Bridge Maker cufflink, circa 1925.
One of the delights of antique cufflinks is exploring the
history and discovering forgotten works of the jewelers who
created these miniature master pieces. Over the past 150 years
firms creating fine jewelry in the United States have numbered
in the hundreds, if not more. No doubt a large percentage of
these jewelers created cufflinks.
Bridge Maker cufflink, circa 1925.
In several earlier notes (see list below) I wrote about the
cufflinks of one of the more mysterious of these talented
makers ... the Winged Bridge Maker. Nicknamed for the
distinctive wing-like bridges that unite the ends of the
cufflinks, this maker created beautiful white and yellow gold
cufflinks during the early Art Deco period. The cufflinks
sparkle with the exuberance of the Jazz Age featuring finely
engraved centers surrounded by bold geometric and foliate
of cufflinks by Winged Bridge maker.
The cufflinks are identified by the distinctive winged
bridges, as well as the quality of the craftsmanship, beauty
of the center engraving and bold border work. However, beyond
that there are no maker's marks or other clues to the identity
of the Winged Bridge Maker. The only marking on the bridges is
"14K" for the purity of the gold. Until recently, the maker of
these elegant cufflinks has been unidentified.
Jacob Hookaylo cufflink,
The mystery of the Winged Bridge Maker was solved with the
help of the above cufflink. Beneath a shimmering layer of dark
magenta enamel this cufflink is identical to the example
pictured at the beginning of this note. They both have yellow
gold centers finely engraved with a pattern of wavy lines
creating an optical illusion of stacked boxes. They both have
white gold borders with geometric motifs and radiant palmette
The enameled cufflink was created by Jacob Hookaylo, a jeweler
of Ukrainian descent who immigrated to the United States and
founded a self-named jewelry workshop in Newark, New Jersey
around 1920. The cufflink at the beginning of this note is
attributed to the Winged Bridge Maker.
Reverse of Jacob Hookaylo
On the reverse of the enameled cufflink a winged bridge
connects the two ends. The center of the bridge is stamped
with the maker's mark of the Hookaylo firm - and "H" within a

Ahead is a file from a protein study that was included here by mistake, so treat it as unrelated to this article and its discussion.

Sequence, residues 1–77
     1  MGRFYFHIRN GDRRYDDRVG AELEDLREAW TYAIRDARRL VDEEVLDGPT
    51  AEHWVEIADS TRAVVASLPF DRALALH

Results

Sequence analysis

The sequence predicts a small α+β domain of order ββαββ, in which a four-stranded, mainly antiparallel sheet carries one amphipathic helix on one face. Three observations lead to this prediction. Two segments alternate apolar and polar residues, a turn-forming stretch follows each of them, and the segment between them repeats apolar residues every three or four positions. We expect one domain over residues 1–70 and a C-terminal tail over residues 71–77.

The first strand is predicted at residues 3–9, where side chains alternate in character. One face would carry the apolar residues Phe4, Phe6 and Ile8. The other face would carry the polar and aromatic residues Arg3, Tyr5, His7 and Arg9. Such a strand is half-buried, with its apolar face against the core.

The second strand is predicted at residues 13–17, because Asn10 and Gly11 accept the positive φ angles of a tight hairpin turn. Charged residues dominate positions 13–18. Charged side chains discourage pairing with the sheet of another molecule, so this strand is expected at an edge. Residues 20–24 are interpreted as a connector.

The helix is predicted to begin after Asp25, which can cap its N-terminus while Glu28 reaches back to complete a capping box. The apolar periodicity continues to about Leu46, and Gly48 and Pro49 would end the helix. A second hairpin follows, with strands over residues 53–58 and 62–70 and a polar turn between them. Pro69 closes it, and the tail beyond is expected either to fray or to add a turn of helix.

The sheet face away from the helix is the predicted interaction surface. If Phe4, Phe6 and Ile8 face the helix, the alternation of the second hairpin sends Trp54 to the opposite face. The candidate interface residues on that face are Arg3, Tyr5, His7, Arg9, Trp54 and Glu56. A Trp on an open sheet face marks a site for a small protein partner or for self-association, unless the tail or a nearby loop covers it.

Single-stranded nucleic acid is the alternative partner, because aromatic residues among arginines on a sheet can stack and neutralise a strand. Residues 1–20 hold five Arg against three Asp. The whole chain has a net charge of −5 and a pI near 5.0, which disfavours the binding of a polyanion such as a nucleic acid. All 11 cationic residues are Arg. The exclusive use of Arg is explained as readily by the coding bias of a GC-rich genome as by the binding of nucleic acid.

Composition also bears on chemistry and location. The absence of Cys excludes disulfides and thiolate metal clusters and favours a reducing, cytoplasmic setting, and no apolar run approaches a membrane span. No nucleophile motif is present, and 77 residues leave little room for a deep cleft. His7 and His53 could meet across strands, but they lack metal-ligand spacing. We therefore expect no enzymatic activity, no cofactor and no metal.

Jacob Hookaylo maker's
The bridge of the signed cufflink is angular with hints of
Greek key and other geometric motifs. The bridge design
reflects the Art Deco style of the 1920s. The bridges of the
unsigned cufflinks are more flowing with an Art Nouveau
sensibility. However, both cufflinks clearly date from the
1920s as indicated by the use of white gold. The changing
bridge design, as well as the introduction of enamel work, may
reflect the evolution of the Hookaylo firm as it adapted to
the changing fashions of the Jazz Age.
Hookaylo "Winged Bridge" cufflink, circa 1925.
Based on the above, I believe that the Hookaylo firm created
the cufflinks previously identified as work of the Winged
Bridge Maker. In short, Jacob Hookaylo is the Winged Bridge
Of course any such attribution warrants several caveats.
Identifying Jacob Hookaylo as the Winged Bridge Maker is, at
this time, based on a single pair of signed cufflinks which
strongly resembles a pair of cufflinks attributed to the
Winged Bridge Maker. As other signed pairs come to light or if
documentary evidence is found (for example Hookaylo trade
catalogs, receipts, design patents, etc...) the attribution
will be strengthened. Currently little is known about Jacob
Hookaylo and the firm he founded. Given the beauty of the
cufflinks, further research into the firm and its founder
would be well worth the effort.
A second caveat regards the maker's mark. Jacob Hookaylo was
not the only jewelry maker to employee a maker's mark with an
"H" inside a parallelogram. Dorothy Rainwater's invaluable
reference, American Jewelry Manufacturers, identifies two
other jewelry maker's with similar marks - Haltom Industries
of Ft. Worth, Texas and J&L Hartzberg of New York City.
Haltom Industries was founded in 1948 and employed an "H" in a
square diamond shape as its maker's maker. The dissimilarity
of the maker's mark and the date of the firm's founding
preclude it as the maker of the above enameled cufflink or as
a candidate for the Winged Bridge Maker.
Bridge cufflink, circa 1925
The second firm J&L Hartzberg is a more interesting.
Dorothy Rainwater identifies John and Louis Hartzberg as
"manufacturers of platinum jewelry" and trade references
indicate that the firm was active during the 1920s. During
this period in the United States the hand-crafting of platinum
rings and other jewels for important diamonds and colored
gemstones was based in New York City. I suspect that J&L
Hartzberg participated in this trade. It seems unlikely that
the firm was involved in the manufacture of cufflinks,
although until the Hookaylo attribution is strengthened this
always remains a possibility. As always there is more research
to be done!
Earlier notes about the Winged Bridge Maker:
Antique Cufflinks: Mystery Makers
The "Winged Bridge" Maker
The "Winged Bridge" Maker - II